5 Reasons Why New York Hip Hop Doesn’t Suck [October 2010 Edition]
Welcome to another installment of the (mostly) monthly series, “5 Reasons Why New York Hip Hop Doesn’t Suck,” an ongoing look at some obvious, and not-so-obvious positive aspects of NY area rap music universe. It’s a great opportunity for us to help those who might not be aware of some of the subjects of the column discover something new and, hopefully, enjoyable. For the ones in our midst who are already hip to our choices, it’s still a great time to refresh their memory, and provide an opportunity to discuss, comment, and show their support for the artists, events and organizations that we tend to highlight.
A brief apology, as we did not publish this column in September, despite our promise to do so monthly. This is not for a lack of worthy subjects, in fact, quite the opposite, as the growth of our site, and the work behind-the-scenes to bring our operation to the proverbial “next level” while still maintaining consistency, can be a bit overwhelming. However, this is all due to the love and support of our readers and those who spread the word, so it is a problem we are happy to have.
But enough about us. Without further ado, here are five more reasons why New York (and New Jersey, in this case) hip hop doesn’t suck:
CMJ 2010 Music Marathon & Film Festival
Though initially a pilgrimage largely for an indie rock following, the CMJ Music Marathon has expanded to include quite a mix of hip hop events. This year, throughout the festival’s four day run, a full spectrum of hip hop talent was on display at multiple locations throughout the Big Apple. Among several notable events this past week, Ghostface Killah at B.B. King’s, Homeboy Sandman (our inaugural reason why NY hip hop doesn’t suck, along with a dozen or so other NYC hip hop circuit favorites) at Southpaw, a Duck Down/Blacksmith showcase showdown at le possion rouge, the CPP Marketing showcase in a cramped, but enthusiastic National Underground, an Audible Treats event at Sullivan Hall with Black Sheep, Nottz, Rah Digga and many others. All told, New York City hosted visiting acts as well as provided amplified visibility for hometown hip hop heroes to shine, undoubtedly gaining them more than a few new fans this week.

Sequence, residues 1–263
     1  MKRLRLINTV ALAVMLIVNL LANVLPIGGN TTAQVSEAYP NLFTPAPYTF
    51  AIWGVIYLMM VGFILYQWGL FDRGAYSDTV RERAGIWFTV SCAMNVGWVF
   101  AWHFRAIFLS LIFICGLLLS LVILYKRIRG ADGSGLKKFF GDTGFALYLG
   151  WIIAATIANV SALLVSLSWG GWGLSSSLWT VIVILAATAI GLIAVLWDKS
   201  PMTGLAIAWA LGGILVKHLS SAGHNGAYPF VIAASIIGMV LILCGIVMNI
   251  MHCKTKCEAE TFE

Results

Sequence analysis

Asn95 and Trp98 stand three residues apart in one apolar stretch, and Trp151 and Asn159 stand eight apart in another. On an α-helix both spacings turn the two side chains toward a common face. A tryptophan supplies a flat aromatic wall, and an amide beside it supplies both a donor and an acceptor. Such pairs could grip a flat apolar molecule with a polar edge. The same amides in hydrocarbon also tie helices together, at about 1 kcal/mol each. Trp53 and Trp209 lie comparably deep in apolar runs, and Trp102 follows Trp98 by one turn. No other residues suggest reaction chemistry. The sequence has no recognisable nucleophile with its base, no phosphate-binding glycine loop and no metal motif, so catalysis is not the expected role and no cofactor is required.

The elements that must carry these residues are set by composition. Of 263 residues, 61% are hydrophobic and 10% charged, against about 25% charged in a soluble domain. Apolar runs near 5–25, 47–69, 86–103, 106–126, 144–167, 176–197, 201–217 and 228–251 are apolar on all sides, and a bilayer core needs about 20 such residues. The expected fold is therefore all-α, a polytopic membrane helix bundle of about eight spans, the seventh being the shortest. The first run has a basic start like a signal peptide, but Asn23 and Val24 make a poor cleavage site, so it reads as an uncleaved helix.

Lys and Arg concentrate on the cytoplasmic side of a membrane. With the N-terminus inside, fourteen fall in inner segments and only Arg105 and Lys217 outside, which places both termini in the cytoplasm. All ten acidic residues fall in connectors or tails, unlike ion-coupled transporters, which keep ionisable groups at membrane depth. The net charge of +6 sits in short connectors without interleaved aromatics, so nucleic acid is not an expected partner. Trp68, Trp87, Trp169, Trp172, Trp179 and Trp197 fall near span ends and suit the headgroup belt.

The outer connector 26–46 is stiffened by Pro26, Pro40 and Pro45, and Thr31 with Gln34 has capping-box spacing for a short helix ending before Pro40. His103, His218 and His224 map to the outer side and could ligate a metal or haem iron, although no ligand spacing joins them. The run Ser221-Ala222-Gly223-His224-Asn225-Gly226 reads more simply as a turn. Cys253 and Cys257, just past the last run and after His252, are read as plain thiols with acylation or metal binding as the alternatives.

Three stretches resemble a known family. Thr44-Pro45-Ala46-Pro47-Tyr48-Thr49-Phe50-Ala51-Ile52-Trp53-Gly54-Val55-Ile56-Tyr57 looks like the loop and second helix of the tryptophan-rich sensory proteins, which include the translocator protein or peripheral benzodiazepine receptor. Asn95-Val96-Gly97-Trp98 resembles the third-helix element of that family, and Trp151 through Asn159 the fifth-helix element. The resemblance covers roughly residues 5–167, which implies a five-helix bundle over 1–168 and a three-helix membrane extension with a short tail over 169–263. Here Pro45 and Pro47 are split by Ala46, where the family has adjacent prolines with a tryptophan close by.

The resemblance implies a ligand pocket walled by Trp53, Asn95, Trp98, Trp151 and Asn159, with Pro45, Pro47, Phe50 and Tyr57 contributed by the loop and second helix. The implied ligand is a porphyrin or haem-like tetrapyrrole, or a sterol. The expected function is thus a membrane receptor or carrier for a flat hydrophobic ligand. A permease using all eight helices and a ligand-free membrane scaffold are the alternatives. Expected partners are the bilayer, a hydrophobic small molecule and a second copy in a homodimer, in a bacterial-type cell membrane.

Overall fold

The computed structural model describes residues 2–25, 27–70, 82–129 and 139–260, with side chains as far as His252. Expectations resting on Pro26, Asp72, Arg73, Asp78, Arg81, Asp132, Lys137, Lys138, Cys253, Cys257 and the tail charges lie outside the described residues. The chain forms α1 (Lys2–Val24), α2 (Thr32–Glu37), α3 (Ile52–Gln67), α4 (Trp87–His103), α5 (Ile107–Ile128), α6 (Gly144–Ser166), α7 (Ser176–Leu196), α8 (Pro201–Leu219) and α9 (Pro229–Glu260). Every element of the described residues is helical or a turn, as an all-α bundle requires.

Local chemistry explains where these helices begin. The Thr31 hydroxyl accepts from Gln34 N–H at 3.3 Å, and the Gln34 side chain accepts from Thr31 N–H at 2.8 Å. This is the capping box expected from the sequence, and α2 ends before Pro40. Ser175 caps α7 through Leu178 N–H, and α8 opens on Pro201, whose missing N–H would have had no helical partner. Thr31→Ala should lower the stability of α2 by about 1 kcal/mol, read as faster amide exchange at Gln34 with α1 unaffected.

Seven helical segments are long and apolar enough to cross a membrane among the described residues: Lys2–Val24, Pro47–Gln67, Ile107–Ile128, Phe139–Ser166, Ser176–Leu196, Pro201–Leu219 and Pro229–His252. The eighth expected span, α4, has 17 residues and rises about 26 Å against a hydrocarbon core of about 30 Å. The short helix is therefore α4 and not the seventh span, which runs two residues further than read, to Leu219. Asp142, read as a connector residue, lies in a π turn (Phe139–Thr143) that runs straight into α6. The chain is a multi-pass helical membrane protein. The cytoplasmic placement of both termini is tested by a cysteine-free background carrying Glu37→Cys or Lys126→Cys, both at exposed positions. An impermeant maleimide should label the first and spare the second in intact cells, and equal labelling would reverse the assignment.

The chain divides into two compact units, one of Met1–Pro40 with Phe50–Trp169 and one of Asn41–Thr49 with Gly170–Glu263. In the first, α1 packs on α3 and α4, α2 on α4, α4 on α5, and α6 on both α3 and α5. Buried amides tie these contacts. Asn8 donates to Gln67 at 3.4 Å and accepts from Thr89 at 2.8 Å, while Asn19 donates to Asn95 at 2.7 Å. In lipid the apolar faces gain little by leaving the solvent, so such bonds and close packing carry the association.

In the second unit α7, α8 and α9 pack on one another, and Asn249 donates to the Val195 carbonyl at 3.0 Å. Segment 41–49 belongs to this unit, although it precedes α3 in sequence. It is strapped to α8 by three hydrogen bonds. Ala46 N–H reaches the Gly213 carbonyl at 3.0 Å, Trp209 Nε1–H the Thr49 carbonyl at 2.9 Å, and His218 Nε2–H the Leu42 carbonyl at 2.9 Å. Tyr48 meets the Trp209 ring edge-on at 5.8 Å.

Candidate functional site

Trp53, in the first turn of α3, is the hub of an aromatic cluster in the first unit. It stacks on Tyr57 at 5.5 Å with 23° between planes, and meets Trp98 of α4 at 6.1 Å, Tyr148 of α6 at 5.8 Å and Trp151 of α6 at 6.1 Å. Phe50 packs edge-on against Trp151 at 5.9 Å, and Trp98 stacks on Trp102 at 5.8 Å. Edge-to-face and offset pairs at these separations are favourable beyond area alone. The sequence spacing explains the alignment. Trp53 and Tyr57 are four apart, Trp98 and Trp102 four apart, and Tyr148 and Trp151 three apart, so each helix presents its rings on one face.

We’re sure that we’re not the first, but let us state for the record, that we sincerely cosign FinaL OutlaW, and expect great things for this dynamic talent. Having built up a strong following in the New York City underground hip hop scene in recent years, his upcoming album Unstoppable Love is becoming a highly anticipated release with those who are in the know regarding who’s bubbling in the scene. In fact, a look/listen to his acclaimed “Hip Hop 4ever,” still remains a perfect demonstration of FinaL OutlaW’s potential in the rap world, while newer material such as “Up N Comer” shows why he might not be considered one much longer. We just saw him absolutely silence a noisy room with a single, furious display of acapella fire, walking away leaving the crowd stunned, wanting more. His skillful lyricism, impassioned delivery, strong freestyle ability, sense of humor, strong work ethic and an obvious blend of street smarts and intellect, should place FinaL OutlaW at the top of any “MCs to watch” list from the New York area.
Kalae All Day
We have featured Kalae All Day on a couple of occasions, her O.G.LYRIKALBOOKBAGGER serving us an early taste of her talent, and enjoyed several tracks from her debut full-length project, *AFROMATIKNEOHIPPIEROCK*SOLEMUZIK*. We once called her “…the eccentric, heat-spitting, statuesque songstress,” and the description remains true, as witnessing her live performance, backed by Turnstylz at the Black August Hip Hop Concert, was truly an exhibition in dopeness. Her fierce command on stage as bright as her beaming smile off, we feel that the self-proclaimed “love child of Jimi Hendrix and Lauryn Hill” is star quality, personified. [Photo: JustBPhotos]
Initially simply a G-Unit wingman for 50 Cent, Lloyd Banks has seen his fan base increase exponentially over the years, and has been thrust into the spotlight of the mainstream thanks in part to the explosive success of “Beamer, Benz or Bentley“. In the past couple of months, the run-up to his album The Hunger For More 2, scheduled for a November 23 release, has seen Lloyd Banks releasing a song a week, with no major missteps. He’s A-list, puts on an energetic show, is well connected, and highly visible, as he is visiting the major market and satellite radio shows, national TV shows (including 106 and Park and Chelsea Lately), and is the subject of constant chatter in the blogosphere. In the mainstream rap scene among those tough-guy rap types who spit that grimy, money, rap star talk, Lloyd Banks is currently cruising along, and could enjoy a bit of a run at the front of that pack. (To get an in-depth look inside the mind of Lloyd Banks as he prepares his release, check out his interview with HipHopDX, Lloyd Banks: Second Round KO.)
There is not much more to be said about Joe Budden than we haven’t already said. Like, you know, when we said, “God Damn You, Joe Budden”… and then “Stop Fronting on Joe Budden”… and most recently “…buy Joe Budden’s shit.” In a world where there is a thin line between support and Stan, we suppose we have to be careful about how loudly we proclaim our endorsement, but we have always felt that Joe Budden’s underratedness was a hip hop tragedy of Shakespearean proportion. Luckily, we seem to have been vindicated in our claims by a flurry of dope material from the Jersey representative, and what is shaping up to be a critically acclaimed Mood Muzik 4: A Turn For The Worst. We continue to urge our audience to support Joe Budden, as a successful foray in a music business that has not always been kind to him, is long overdue.